Summit Education Group

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Summit Education Group

Summit Education Group was formed in 2011, to serve children and adult learners everywhere who deserve the best possible opportunity for life success, regardless of their life challenges and situation. Summit Education Group is a professional Education Management Organization committed to ensuring those opportunities are available to young people and adult learners. Summit Education Group was converted to a Colorado Public Benefit Corporation in 2014. AIM Global

        AIM Global
        Certified Multi-District Online School
        107 W. 11th Street
        Pueblo, CO 81003
        Phone: 855-965-3354
        Grades served: 6-12
        Authorized by:
        Las Animas School District
        1021 2nd St.
        Las Animas, CO 81054
        Authorizer Phone: 719-456-0161
 Colorado opens door to online education By C.S. Boddie

Colorado has cracked open the door to multi-district online learning a little wider.

The Colorado State Board of Education approved certification for two schools at its June meeting at Pueblo Community College, at the same meeting where it recognized three teachers and a counselor for excellence in blended and online education.

Parents and students can now go to to make initial contact for the tuition-free, multi-district programs.

AIM Global — AIM stands for achievement, innovation, mastery — is a school for at-risk kids in grades 6–12 who have struggled in traditional schools. Immersion School for Sciences, Technology and the Arts is a college prep school for students who need academic enrichment.

The schools are a cooperative venture between Summit Education Group, which will run them, and the Las Animas School District in southeastern Colorado. Funding will come from state per pupil money, with 10 percent going to the school district and 90 percent to SEG.

Las Animas Superintendent Elsie Goines was the authorizer on the application for certification. She said that the number one benefit, and the number one reason the district engaged with SEG, was that the district’s own students will benefit in that they’ll have opportunities they wouldn’t have otherwise…

“We’re always looking at how can we share resources and be more effective with the resources we have,” Goines said.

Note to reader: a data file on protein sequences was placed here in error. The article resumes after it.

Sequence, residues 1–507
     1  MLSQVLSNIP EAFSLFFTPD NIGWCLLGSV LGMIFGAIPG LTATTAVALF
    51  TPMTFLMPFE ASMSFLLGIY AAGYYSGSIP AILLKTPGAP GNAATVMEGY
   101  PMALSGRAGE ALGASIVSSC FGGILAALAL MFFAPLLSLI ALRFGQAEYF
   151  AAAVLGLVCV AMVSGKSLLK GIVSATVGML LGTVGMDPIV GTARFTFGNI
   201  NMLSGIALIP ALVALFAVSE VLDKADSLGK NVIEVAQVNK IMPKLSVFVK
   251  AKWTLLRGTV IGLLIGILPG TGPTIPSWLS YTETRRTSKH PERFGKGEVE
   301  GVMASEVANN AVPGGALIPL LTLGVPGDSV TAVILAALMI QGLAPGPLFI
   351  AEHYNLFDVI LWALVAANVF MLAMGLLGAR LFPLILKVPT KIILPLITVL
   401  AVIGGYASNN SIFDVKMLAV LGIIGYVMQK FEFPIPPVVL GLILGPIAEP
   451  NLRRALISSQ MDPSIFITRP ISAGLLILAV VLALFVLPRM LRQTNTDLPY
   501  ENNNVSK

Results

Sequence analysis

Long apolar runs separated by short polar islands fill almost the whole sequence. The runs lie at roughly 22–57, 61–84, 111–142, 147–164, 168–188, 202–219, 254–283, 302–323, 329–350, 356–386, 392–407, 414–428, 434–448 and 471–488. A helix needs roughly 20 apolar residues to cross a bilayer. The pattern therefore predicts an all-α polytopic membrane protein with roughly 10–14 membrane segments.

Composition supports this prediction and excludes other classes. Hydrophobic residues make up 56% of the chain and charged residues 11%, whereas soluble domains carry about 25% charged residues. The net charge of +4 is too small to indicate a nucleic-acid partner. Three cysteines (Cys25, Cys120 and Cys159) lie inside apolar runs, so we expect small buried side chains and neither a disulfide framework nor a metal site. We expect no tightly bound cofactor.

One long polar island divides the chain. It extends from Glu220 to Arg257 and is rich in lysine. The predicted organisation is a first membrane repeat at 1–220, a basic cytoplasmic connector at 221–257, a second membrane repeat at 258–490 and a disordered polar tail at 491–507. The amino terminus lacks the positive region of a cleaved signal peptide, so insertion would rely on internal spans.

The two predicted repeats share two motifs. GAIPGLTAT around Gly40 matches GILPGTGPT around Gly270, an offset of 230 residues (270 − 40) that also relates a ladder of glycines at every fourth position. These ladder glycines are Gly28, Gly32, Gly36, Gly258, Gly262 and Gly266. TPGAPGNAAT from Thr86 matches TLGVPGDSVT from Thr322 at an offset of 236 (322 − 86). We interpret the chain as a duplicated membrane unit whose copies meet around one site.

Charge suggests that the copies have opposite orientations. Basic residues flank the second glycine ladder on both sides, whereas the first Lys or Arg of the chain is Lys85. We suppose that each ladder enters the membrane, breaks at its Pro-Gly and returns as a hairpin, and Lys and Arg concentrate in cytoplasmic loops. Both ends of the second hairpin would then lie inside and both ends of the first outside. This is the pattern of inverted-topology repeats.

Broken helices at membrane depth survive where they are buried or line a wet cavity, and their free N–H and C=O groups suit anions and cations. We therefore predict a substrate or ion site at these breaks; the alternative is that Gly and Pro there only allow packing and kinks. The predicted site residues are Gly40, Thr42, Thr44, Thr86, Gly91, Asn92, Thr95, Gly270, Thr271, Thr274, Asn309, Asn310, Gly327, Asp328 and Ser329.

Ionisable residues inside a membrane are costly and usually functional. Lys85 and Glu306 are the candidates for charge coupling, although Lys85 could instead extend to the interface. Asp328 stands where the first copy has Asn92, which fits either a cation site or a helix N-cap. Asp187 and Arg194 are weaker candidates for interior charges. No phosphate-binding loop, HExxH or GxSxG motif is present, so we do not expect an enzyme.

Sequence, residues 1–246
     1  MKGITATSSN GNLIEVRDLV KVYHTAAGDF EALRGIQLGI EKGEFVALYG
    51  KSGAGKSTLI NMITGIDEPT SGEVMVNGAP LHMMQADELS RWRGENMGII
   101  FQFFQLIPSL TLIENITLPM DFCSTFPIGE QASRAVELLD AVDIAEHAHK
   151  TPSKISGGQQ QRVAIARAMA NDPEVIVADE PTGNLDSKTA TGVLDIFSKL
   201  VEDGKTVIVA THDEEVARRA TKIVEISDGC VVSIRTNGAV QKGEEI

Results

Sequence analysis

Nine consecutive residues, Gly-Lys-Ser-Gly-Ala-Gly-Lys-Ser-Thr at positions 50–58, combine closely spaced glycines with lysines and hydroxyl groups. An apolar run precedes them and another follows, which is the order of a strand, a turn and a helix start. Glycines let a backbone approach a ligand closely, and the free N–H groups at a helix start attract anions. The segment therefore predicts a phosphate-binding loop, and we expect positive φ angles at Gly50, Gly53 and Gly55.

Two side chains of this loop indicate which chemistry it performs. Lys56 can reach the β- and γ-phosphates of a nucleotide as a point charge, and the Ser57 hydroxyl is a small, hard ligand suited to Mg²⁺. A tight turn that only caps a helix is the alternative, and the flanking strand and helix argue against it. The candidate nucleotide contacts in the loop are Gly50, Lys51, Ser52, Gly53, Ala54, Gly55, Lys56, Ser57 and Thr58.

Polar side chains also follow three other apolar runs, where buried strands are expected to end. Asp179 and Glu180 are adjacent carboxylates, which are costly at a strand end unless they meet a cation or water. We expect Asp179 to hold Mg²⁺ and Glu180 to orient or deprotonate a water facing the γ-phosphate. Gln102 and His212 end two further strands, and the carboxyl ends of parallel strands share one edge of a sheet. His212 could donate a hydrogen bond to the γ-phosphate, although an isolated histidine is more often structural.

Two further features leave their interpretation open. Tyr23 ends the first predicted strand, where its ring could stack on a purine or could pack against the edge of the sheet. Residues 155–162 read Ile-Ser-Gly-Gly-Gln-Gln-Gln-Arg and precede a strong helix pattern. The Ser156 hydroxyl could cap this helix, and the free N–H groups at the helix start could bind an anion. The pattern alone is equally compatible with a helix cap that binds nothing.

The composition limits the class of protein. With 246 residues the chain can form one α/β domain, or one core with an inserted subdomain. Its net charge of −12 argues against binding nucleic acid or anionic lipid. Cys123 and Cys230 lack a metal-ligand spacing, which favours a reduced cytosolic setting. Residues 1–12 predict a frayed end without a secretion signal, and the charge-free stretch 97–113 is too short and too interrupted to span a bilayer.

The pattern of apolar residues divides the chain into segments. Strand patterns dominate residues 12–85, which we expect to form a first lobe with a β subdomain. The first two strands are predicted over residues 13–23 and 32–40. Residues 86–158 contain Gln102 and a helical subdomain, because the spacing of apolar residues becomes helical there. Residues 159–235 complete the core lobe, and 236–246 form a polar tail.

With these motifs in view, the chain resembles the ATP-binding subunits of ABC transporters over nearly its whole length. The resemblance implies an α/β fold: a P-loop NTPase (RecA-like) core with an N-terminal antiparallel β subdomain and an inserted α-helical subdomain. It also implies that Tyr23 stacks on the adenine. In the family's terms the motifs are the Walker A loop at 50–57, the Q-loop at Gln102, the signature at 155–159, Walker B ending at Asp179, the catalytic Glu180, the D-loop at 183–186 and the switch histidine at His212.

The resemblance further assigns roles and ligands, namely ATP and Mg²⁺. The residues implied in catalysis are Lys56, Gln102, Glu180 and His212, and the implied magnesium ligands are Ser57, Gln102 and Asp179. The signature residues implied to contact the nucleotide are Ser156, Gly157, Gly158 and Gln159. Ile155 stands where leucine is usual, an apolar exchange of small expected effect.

The biggest concern she had before getting on board with online learning was accountability, and that it will deliver a quality education for students. “We’re making sure we’re going into this with eyes wide open and that it’s going to do the things we say it’s going to do.”

She added that she’ll be looking for transparency and accountability.

Online and blended education have had their share of critics, including some from within the charter school movement.

A recent report from the National Alliance of Public Charter Schools concluded that virtual school students perform worse on academics than traditional school students. The NAPCS and National Association of Charter School Authorizers have recommended performance-based funding and shutting down low-performing schools.

As of August 2014 there were 135 virtual charter schools serving about 180,000 students in 23 states and the District of Columbia.

Larry Kerr, director of communications for SEG, said that as many as 1,000 students from different Colorado school districts might enroll in the Las Animas project, which will feature a combination of working online and face-to-face with teachers certified in the four core content areas, and interacting with life enrichment coaches.

The coaches will reach out to students once a day and help them with social-emotional issues. They’ll also provide “wrap-around services” as needed, such as providing food, bus passes, and even diapers for babies of students who are teen parents.

The coaches will also help advanced students enroll in college courses.

“We do what we call concurrent enrollment, because we have relationships with all the community colleges, and Summit pays for the courses,” Kerr said.

If it works, expect SEG to take their show on the road.

“We’ve had a great deal of interest from other states,” Kerr said, “and we really want to duplicate this model, but we want to get everything set in Colorado first.”